Follow Up on Youth Unemployment: Minimize Government Intervention
September 19, 2010 Leave a comment
Eric Waters, Columnist
Shortly after writing my previous article on youth unemployment, it became clear that simply pointing out a problem was not enough. We must ask another series of questions in order to try and solve this catastrophe. What are the underlying problems causing the resulting symptom of youth unemployment? Where, when and how should the government become involved? And where the government must intervene, what policies can be put into place to maximize economic growth and hiring? Of course, with such a dynamic economy and huge government oversight, we only will be scratching the surface, but the fundamental causes of the economic depression of youth raised here will provide a foundation for deeper examination.
The easiest place to point fingers is the current state of the economy. Without starting a political argument as to why the economy is as bad as it is, let’s look how it has affected youth unemployment. Naturally, in a downturn of this magnitude businesses are hesitant to hire. The youth is affected disproportionately because we tend to be the least skilled in the workforce. Unfortunately, we are the first to be laid off and the last to be hired. Another side effect of the downturn in the economy is the delay of retirement for millions of baby boomers. I remember hearing as a senior in high school, and subsequently in college, that my generation would be put onto a fast track in the corporate world due to the end of the baby boomers’ working lives. Well, if they are not retiring, the businesses are not looking to replace them. So, how can we best get wheels of the economy turning again?
The fastest, easiest way to do so is the reduction of taxes. The Bush tax cuts are set to expire at the end of this year if the Obama administration does not act to extend them. One of the best ways to continue to watch the economy tighten instead of blossom is to decrease the amount of money in people’s pockets by raising taxes. Otherwise, let’s do the right thing and keep money in the pockets of the people that earned it. This will get small businesses hiring and people spending; both of which will help get more youth into the workplace.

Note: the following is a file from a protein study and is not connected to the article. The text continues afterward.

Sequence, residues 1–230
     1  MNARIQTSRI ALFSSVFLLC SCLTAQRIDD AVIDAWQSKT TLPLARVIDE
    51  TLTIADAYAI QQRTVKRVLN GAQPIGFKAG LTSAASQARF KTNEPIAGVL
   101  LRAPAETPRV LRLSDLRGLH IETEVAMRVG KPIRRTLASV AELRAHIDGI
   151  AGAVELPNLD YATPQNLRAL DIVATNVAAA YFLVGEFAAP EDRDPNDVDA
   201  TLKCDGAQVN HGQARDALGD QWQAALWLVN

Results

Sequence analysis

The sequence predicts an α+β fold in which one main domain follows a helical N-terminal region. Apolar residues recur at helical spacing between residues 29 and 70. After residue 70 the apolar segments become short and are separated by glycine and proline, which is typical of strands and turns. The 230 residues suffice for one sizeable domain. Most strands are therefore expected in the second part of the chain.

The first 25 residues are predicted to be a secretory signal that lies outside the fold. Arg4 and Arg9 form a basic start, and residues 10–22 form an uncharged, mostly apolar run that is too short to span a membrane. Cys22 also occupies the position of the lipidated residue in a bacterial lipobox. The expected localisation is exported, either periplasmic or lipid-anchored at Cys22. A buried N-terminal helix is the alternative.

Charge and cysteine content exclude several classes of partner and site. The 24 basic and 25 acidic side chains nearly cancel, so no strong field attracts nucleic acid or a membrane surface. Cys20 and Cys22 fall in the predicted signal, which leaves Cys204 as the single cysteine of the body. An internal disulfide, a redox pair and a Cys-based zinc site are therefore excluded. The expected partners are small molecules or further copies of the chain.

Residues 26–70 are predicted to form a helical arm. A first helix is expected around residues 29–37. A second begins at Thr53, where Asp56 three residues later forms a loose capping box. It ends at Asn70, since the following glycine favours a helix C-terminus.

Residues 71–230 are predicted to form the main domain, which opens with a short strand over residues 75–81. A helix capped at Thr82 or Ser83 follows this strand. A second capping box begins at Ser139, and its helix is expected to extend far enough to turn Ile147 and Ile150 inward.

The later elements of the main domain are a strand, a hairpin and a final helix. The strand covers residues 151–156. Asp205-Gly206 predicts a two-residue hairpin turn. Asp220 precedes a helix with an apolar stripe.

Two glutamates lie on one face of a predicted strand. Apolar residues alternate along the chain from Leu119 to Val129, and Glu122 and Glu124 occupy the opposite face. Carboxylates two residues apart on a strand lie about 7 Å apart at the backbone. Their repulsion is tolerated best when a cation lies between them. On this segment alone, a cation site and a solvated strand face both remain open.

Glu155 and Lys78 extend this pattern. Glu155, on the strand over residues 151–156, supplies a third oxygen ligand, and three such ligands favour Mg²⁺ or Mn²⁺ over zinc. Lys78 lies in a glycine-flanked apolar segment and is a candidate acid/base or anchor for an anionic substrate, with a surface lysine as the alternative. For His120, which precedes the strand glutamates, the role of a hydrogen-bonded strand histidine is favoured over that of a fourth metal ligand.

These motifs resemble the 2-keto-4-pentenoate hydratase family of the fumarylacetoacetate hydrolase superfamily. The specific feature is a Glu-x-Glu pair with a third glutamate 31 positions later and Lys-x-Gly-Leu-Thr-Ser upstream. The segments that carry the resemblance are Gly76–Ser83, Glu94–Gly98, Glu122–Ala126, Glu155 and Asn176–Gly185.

Another problem that may not be as obvious is the minimum wage. Digging a little deeper, we find that arbitrarily raising the minimum wage is more harmful than beneficial. Halie Anderson wrote in an article in Journal News, “Between 2007 and 2009, the hikes in minimum wage reduced employment for teens aged 16 to 19 by 12.4 percent, which translates to about 98,000 fewer teens in the work force.”
I don’t know about you, but I would prefer to have almost 100,000 additional teenagers saving for college, saving for a car, or simply, just for making money. The article goes on to state: “Although some argue that the minimum wage should be higher to reduce poverty…they are not taking into consideration that most minimum wage earners aren’t poor.”
This should calm those of us who argue that the minimum wage must be raised to what is called a “living” wage. Again, it seems that the government has another field where it would be better off to let the free market decide wages. If a ready, willing and able person will perform a job for five or six dollars an hour, why would the government prevent him from doing so?
As you can tell, I generally prefer less government intervention when it comes to youth employment. Does anyone feel otherwise? I would love to receive comments on this topic in agreement or disagreement. And to those who disagree, let’s find some common ground. Ultimately, we are all looking to improve the lives and well being of generation Y.